How people coped in lockdown

A schoolchild’s art project from Stoney Hill Primary School in Scotland:

The first wave of COVID caused huge suffering, and has led to warnings of an ‘epidemic’ or ‘tsunami’ of mental health problems. But there is another, more hopeful story to tell, about how people coped and even thrived during the adversity of 2020. It’s important to remember this as we head into the winter and a likely second wave.

The Collective Psychology Project has been researching how people coped, for a report for the Wellcome Trust called Collective Resilience. We were interested in how people discovered the ‘active ingredients’ of mental health, not just through therapy and pills, but also through self-care and mutual aid activities — from poetry to philosophy, from baking to cycling, from online learning to joining a neighbourhood support group.

What we discovered tallied with a lot of evidence, such as from the What Works Centre for Well-Being, about how people cope and flourish through non-medical activities like exercise, gardening, the arts, faith, philosophy & spirituality.

Here are some examples:

Arts and creativity

From pop-up public art to TikTok dance trends, from pandemic poetry to a baking craze that drove the price of yeast up by more than 6,000%, people have found joy and meaning in the arts and creativity. UCL’s study of 70,000 adults’ mental health during the pandemic found that 22% engaged more with arts during the lockdown period than usual, and that engaging in creative activities — art, gardening, hobbies, reading fiction — was the single most helpful activity for people’s well-being.

Family and relationships

The lockdown forced us apart, but also brought us closer together. In one survey, 25% of parents said the lockdown had brought them closer to their children, while only 5% said it had made relations worse. Young people were the worst hit by loneliness, but also the most connected online. And neighbourhoods became closer knit too: in the UK, 64% of adults felt that their communities had ‘come together to help each other’ during the crisis.

Religion, philosophy and meaning-making

Google searches for prayer reached their highest ever level during the pandemic. Young people reconnected with their inherited faiths through a wave of online religious observance, and one in five Brits say they turned to psychology and philosophy to find meaning during the crisis. There have been sharp increases in the sales of Seneca’s Letters and Marcus Aurelius’ Meditations (itself written during a pandemic).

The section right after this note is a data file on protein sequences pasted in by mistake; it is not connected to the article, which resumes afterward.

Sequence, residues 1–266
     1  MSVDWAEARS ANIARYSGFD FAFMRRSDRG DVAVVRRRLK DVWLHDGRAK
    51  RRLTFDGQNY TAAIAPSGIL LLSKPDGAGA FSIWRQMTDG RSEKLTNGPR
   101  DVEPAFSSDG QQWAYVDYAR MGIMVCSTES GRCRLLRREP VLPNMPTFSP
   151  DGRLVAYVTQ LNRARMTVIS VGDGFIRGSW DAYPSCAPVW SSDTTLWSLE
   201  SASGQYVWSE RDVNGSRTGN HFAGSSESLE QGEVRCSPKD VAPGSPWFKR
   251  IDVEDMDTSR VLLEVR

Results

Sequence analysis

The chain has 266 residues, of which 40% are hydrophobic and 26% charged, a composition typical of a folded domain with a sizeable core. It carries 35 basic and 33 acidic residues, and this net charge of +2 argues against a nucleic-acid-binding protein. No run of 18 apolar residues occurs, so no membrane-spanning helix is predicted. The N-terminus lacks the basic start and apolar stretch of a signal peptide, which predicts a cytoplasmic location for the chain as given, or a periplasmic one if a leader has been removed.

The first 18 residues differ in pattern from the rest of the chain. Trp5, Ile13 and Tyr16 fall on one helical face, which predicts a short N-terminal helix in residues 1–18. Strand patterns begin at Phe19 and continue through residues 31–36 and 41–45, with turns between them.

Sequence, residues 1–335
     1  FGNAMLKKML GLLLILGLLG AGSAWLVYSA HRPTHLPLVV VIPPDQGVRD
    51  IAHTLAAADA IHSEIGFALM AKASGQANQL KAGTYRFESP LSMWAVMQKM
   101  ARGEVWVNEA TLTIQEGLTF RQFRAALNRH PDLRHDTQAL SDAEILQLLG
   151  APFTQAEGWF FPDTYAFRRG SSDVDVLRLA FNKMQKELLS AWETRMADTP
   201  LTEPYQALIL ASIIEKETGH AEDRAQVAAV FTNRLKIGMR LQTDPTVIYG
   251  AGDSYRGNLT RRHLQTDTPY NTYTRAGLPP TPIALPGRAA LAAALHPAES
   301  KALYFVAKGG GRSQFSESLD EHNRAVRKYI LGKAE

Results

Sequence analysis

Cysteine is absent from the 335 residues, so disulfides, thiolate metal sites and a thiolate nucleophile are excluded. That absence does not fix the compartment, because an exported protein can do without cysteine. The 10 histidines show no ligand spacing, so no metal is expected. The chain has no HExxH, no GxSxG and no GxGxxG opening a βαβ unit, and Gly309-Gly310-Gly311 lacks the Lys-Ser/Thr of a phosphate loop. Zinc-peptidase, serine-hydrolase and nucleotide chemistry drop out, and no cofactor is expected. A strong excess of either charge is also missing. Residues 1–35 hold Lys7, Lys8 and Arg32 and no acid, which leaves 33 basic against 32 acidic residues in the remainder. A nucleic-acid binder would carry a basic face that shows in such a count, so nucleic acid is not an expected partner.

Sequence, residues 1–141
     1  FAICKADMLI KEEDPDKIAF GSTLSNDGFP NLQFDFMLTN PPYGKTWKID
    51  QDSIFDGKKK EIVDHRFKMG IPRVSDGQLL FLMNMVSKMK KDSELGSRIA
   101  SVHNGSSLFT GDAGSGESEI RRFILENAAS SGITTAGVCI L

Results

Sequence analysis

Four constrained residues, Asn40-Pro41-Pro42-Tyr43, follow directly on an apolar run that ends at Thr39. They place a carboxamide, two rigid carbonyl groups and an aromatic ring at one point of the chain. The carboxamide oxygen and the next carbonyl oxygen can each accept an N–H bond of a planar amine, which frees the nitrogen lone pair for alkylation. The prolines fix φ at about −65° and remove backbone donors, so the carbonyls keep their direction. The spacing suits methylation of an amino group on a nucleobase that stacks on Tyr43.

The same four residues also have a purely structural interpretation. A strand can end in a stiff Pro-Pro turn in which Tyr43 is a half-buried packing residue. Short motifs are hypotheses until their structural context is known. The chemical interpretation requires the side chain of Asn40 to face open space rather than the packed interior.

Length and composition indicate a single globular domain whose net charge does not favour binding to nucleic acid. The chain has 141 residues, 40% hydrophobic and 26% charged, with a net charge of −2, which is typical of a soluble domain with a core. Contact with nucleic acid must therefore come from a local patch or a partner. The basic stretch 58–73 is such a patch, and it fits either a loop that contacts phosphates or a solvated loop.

Nature and green spaces

One survey suggested that 63% of people felt more connected to nature during lockdown; a boom in cycling has led to calls for the redesign of cities to make them more bike-friendly; seed shops sold out as people around the world started gardening; and the sudden improvement in emissions and air pollution globally have shown us what rapid cuts look and feel like. We rediscovered the importance of connecting to other species as well — although the spike in puppy sales raised concerns about impulse pet shopping. A majority of people don’t want the world to go back to how it was, and want green policies to be at the heart of recovery plans.

Games and sports

This was the lockdown of gaming, with sales of games consoles so high they had a tangible effect in pushing up UK inflation. People found peace in Animal Crossing, connected to each other with online quiz nights, and logged on to online fitness and yoga classes, underlining the extent to which play becomes more important than ever in times of stress.

Volunteering and mutual aid

At least 6,000 new mutual aid groups appeared around the world during the pandemic according to the Mutual Aid Wiki (with the true figure likely to be far higher). They’ve supported people emotionally and materially when governments have failed, played a vital role in helping people to recover from and learn about Covid-19, and given individuals and communities alike a sense of agency and empowerment at a hugely challenging time. Click here to watch an interview with the administrators of the BodyPolitic mutual aid group, which was set up and is run by people who suffer from ‘long COVID’.

Education and learning

Over a billion children were out of school because of the pandemic. In some cases, teachers self-organised to provide them with online classes; many more young people turned to informal online learning during lockdown, with MITx online courses receiving over half a million enrollments. And the pandemic has provoked fresh thinking on further education, which could ultimately help to solve pre-existing problems in student mental health.